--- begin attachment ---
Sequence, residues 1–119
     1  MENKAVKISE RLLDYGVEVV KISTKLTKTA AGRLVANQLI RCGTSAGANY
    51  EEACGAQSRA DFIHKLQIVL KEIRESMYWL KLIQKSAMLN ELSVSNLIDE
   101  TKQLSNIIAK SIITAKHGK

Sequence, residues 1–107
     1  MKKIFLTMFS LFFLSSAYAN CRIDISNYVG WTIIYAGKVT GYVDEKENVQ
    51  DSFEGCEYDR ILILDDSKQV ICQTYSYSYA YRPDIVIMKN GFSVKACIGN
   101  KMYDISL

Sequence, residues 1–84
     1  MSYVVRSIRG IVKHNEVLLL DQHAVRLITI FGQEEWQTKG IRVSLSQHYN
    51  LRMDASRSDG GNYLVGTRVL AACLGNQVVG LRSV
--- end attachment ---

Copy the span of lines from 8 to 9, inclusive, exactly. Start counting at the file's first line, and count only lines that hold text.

   101  KMYDISL

Sequence, residues 1–84